You’re in round four of an eight-round Tabata and you’re completely gassed. All of those super-fast reps you were banging out at the beginning have caught up to you and now you’re just hoping to get through the workout without melting down completely.
Welcome to CrossFit, where the learning curve is paved with good intentions gone bad, especially in the beginning when you’re being asked to perform challenging movements quickly and with great intensity.
If you don’t approach workouts with some basic form of strategy then you’ll fall into one of two camps. Either you’ll wind up in the intensity trap described above, where you go as hard as you can and fizzle out quickly, or you’ll hide out in the safety zone, choosing to move at a more cautious pace and wondering why you aren’t seeing gains as quickly.
If you find yourself going back and forth between these extremes then it’s probably time to start thinking about balancing your effort, i.e. understanding when you ought to pace yourself and when you ought to push yourself.
How to pace a WOD
Pacing a workout takes some strategic thinking before the timer begins, but it can have huge benefits, especially in terms of performance.
One strategy for staying in control is to plan for breaks in your effort. (Don’t fall into the trap of thinking you need to do a WOD unbroken. Timed breaks will actually keep you moving faster in the long run.) For example, take 5 deep, controlled breaths during each break, or take a 10-second break between movements. This kind of approach keeps you accountable, i.e., working hard, and it allows you to move through a workout at a consistent pace.
Another strategy is to start slow and build up intensity over rounds. Let’s take a three-round workout by way of an example. The first round should feel easy—your heart rate should elevate slowly— and you should feel like you’re fighting the urge to move faster. The second round should feel like your perfect pace—you’re working to your capacity, your heart rate is elevated but you’re in control of your breath. The last round should feel tough, like you’re pushing your limits and barely holding on to your rep scheme.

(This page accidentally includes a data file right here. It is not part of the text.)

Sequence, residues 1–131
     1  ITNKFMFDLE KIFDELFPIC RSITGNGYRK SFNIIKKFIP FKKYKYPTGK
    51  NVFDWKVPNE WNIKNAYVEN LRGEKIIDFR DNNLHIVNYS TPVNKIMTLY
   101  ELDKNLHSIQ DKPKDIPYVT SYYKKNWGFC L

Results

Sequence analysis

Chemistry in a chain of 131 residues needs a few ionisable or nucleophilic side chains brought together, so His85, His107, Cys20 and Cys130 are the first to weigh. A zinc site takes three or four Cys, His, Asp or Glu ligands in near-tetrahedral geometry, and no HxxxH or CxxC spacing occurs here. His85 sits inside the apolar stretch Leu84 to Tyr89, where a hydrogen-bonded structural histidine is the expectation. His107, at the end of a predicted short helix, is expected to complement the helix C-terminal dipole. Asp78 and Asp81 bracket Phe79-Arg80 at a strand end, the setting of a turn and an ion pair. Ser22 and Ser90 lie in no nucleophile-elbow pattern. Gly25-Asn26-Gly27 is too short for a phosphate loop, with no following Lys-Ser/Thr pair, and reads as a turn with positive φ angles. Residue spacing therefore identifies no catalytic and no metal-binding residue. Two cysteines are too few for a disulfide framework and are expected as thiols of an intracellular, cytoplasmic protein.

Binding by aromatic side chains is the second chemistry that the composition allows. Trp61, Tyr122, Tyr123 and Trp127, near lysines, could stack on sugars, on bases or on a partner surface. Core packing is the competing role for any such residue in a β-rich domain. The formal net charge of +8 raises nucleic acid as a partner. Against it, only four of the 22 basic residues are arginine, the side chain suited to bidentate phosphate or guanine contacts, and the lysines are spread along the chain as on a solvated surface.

In addition to being helpful in a WOD, these strategies give you valuable information you can take forward in to your next workout. If you had energy at the end of your last round that’s a sign that you need to go faster next time, which brings me to the idea of pushing yourself…
When to push yourself
Pacing is connected to pushing yourself and once you start applying pacing to your workouts you’ll get a better idea of when you’re working hard and when you’re not working hard enough.
Here are some ways to know that you’re on the right track, effort-wise:
You’re in the pain cave
Putting in maximum effort will lead you to the place popularly known as the “pain cave,” which is that dark and dreary locale where your body is fatiguing but your mind is still pushing you to go deeper into the darkness. (Pain is a bit of a misnomer—if you’re feeling pain, stop. The pain cave is really just the place where you dwell in the discomfort of intense physical effort. ‘Discomfort cave’ just doesn’t sound as exciting.) Being able to push through discomfort will result in greater improvements of strength and endurance overall. It will also develop your mental toughness.
You’re daring to fail
The only way to truly know your max is is to push yourself to the redline level. Whether it is a max set of wall balls or a clean-and-jerk 1RM—don’t hang back but actively try and figure out where you can go. It’s in the moments where you dare to fail that you see how much further you can grow and develop.
You’re going to throw up
Completely redlining in a workout—getting out of breath, feeling dizzy and nauseated—isn’t ideal but it’s not the end of the world either. In fact, it’s all part of learning about where your limits are. And you can’t pace properly or push yourself safely without experimenting a bit.
Above all else, whether you are pacing a workout or trying to push through it, maintaining proper movement standards should be your top priority. Oh, and it never hurts to have fun either.
Broder McNeill is a coach and co-owner at Alchemy CrossFit.